In which cell stage does DNA replicate? The process of DNA replication is a complicated problem. It involves a series of proteins and enzymes that collectively gather nucleotides in a predestined sequence. In response to the molecular signs accepted during cell furcation, these molecules replicate DNA and synthesize 2 new strands using the available strands as templates. Each produces two, identical DNA molecules consisting of one new strand and one old DNA. Therefore, the DNA replication process is called semi-conservative.
DNA replication is the process of doubling the DNA double chain. In cells, DNA replication occurs before the DNA division. The DNA replication process is also able to be carried out in a process which is called Polymerase Chain Reaction or PCR.
The materials of DNA are molecules called nucleotides, which consists of a deoxyribose sugar, a nitrogen case attached to a sugar, and a phosphate group. There are 4 types of nucleotides molecules depending on the type of nitrogen base installed. Those 4 nucleotides are Guanosine, Adenosine, Cytidine, and Thymidine.
If you really want to know in which cell stage does DNA replicate, check these steps of the process of DNA replication in order to know the answer.
The DNA replication starts in a specific location which is called as an origin of replication, that has a particular sequence that can be acknowledged by a protein called as initiator DNA. They bind DNA molecules at the place of origin, thus loosening to assemble other proteins and enzymes essential for DNA replication. An enzyme named helicase is enlisted to the site for unwinding, which is a decomposition process, of the helix in a single groove.
The helicase releases the hydrogen bonds between base pairs, in a way which depends on the energy. This DNA area of point is now known as a replication fork, which is a structure formed when DNA replicates. After an open helix, a protein called as a single strand binding protein binds open areas and prevents them from sticking back. The process of replication then starts, then the replication fork continues in 2 opposite ways along the DNA molecule.
A new synthesis, the complementary DNA strand using the existing strand as a template carried by an enzyme known as DNA polymerase. Besides the replication, they also play an essential role in improving DNA and recombination. But DNA polymerase cannot initiate DNA synthesis independently, and requires 3 hydroxyl groups to initiate the complementary nucleotides. This is supplied by an enzyme named DNA primase which is a type of DNA-dependent RNA polymerase. This synthesizes a short stretch of RNA to the existing DNA strand.
This low section is named primary and composed of 9 to 12 nucleotides. This gives the DNA polymerase the platform needed to start copying a DNA strand. After the primer is built on both strands, DNA polymerase can extend this primer to a new DNA strand.
The DNA zipper opening is able to cause a supercoiling, which is a disturbing spiral-like formation, in the following fork area. This supercoil DNA is disclosed by a specific enzyme named topoisomerase which binds to the stretch of DNA in the front of the replication fork. This creates a cut on the DNA strand in order to ease the supercoil.
Synthesis Leading Strand
DNA polymerase can enhance new nucleotides only to the 3’ end of the available strand, and therefore can synthesize DNA in the direction of 5’ to 3’ only. But the DNA strands run in the opposite direction, and therefore DNA synthesis one strand can occur constantly. It is known as a leading strand.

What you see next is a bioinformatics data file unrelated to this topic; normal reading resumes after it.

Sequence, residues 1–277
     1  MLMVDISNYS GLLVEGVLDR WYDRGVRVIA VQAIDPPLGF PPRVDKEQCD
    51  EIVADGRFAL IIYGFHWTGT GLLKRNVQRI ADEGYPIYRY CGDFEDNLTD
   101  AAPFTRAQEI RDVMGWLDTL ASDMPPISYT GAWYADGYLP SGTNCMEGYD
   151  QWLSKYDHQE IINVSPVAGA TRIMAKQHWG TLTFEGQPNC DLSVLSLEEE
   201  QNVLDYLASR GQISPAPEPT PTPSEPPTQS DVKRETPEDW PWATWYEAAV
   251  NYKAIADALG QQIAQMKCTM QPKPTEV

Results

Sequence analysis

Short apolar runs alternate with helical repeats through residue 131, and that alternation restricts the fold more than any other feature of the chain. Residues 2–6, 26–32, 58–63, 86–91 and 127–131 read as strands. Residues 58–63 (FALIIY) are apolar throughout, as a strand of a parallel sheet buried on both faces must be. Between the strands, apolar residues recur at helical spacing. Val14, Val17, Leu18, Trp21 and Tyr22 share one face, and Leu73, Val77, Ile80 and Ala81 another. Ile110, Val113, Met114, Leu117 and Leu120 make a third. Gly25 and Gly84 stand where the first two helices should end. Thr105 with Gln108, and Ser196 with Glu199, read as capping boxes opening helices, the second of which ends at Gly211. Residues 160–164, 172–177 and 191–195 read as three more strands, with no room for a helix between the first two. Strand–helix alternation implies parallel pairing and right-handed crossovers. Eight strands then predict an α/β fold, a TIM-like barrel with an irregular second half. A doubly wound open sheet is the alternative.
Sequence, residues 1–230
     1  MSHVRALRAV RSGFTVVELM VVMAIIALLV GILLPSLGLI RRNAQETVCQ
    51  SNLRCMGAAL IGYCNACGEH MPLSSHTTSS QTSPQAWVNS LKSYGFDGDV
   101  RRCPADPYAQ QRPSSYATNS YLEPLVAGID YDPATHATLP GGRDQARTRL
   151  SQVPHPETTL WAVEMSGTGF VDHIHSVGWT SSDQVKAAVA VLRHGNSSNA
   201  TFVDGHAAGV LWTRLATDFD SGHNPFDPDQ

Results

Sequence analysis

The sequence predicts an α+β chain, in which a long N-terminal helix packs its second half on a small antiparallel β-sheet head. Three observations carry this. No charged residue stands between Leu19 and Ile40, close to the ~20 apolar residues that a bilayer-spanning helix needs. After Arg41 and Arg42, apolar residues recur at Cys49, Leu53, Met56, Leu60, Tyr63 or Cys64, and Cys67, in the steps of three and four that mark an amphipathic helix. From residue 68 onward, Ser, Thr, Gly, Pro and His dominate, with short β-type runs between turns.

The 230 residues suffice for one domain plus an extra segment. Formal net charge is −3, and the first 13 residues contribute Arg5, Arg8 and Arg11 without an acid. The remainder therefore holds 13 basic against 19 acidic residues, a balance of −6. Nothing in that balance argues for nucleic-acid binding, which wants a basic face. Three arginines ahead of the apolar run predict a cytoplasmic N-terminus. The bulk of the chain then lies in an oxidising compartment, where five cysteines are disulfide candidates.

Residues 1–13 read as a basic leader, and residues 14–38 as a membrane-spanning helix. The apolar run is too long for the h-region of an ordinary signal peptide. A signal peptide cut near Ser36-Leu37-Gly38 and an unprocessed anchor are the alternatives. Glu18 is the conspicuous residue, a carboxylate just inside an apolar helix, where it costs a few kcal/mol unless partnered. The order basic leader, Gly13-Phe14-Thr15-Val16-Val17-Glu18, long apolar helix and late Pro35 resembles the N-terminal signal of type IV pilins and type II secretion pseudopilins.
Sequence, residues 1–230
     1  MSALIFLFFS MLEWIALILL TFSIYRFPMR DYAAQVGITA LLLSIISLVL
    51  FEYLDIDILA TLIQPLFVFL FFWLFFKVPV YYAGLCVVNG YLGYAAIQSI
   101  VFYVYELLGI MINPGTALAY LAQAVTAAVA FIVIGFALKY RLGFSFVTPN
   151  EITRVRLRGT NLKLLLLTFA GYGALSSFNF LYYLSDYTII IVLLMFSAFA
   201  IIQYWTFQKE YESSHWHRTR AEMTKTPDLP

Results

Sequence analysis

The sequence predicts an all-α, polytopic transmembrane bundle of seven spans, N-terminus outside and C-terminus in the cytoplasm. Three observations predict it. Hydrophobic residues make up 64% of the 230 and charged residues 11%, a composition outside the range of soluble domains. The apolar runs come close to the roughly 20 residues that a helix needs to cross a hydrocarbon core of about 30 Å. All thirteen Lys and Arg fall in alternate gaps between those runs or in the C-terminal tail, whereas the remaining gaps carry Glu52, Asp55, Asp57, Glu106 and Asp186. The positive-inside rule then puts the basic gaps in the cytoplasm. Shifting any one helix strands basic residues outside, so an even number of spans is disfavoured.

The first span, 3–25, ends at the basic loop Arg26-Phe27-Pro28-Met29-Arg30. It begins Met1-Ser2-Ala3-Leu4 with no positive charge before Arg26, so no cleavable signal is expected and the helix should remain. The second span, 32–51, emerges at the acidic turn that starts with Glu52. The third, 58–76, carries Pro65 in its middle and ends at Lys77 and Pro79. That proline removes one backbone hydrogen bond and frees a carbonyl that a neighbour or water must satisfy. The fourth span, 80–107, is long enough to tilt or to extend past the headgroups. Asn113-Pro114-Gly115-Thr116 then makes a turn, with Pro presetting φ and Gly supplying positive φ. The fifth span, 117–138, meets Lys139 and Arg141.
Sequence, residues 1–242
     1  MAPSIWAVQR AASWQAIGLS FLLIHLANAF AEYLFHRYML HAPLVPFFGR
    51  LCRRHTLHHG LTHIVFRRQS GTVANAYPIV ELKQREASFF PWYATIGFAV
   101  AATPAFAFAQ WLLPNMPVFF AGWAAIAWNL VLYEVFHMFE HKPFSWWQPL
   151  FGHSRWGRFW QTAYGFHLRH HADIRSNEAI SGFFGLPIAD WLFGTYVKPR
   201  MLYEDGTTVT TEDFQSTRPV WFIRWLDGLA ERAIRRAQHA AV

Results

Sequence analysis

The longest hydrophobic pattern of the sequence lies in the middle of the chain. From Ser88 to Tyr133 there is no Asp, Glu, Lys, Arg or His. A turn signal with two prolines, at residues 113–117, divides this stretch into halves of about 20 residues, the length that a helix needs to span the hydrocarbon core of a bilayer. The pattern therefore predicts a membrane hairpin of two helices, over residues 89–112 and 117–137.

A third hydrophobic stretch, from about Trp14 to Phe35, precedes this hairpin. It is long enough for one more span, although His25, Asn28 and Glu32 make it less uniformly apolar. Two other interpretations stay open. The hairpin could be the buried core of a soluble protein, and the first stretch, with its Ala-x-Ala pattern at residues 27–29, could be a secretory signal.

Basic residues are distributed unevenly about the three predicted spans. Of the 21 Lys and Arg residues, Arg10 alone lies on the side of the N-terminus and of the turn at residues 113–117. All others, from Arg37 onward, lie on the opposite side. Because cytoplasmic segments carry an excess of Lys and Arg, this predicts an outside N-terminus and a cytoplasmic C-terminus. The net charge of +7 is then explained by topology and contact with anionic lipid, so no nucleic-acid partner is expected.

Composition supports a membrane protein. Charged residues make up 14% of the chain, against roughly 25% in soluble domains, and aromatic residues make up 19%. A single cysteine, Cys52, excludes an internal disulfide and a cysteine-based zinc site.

Here, DNA polymerase III acknowledges 3’ OH end of RNA primary and enhances new complementary nucleotides. When the replication fork goes on, new nucleotides are enhanced regularly, resulting in a new strand.
Synthesis Lagging Strand
On the contrary strand, DNA is synthesized interrupted by producing a series of tiny fragments of new DNA in the direction of 5’ to 3’. This fragment is called the Okazaki fragment, which then joins to form a perpetual chain of nucleotides. This strand is known as a lagging strand since the process of DNA synthesis in this strand yields at a lower level.
Here, primase adds primers in some areas along the open strands. DNA polymerase III prolongs the primers by adding new nucleotides and falls when it gathers a preformed fragment. This is why it is important to free the DNA strand, then move further to the peak to start the expansion of other RNA primers. A sliding clamp keeps the DNA in place when moving through the replication process.
Although the new DNA strands synthesized RNA primers provides on the newly built strand must be displaced by DNA. This activity is carried out by the DNA polymerase I enzyme. This is specifically to eliminate RNA primers through 5’ to 3’ exonuclease activity and replace them with new deoxyribonucleotides with 5’ to 3’ DNA polymerase activity.
After the primary removal, the left strand still conceives a slit between the contiguous Okazaki fragments. The ligase enzyme identifies and clogs the gap by making a phosphodiester bond between 5 phosphates and 3 hydroxyl groups of adjacent fragments.
This DNA replication stops at a special termination site consisting of the unique nucleotide sequence. This sequence is acknowledged by a particular protein named tus that ties to the site, thus physically blockade the helicase pathway. When the helicase converge the protein, it falls along with the single strand of the closest binding protein. This is the end of the process of DNA replication.
Those are the steps of DNA replication which is able to be your information if you were wondering about in which cell stage does DNA replicate. As it is said before and you can see, the DNA replication is pretty complex and may hard to be understood. By knowing those steps, hopefully, you are able to have the answer of in which cell stage does DNA replicate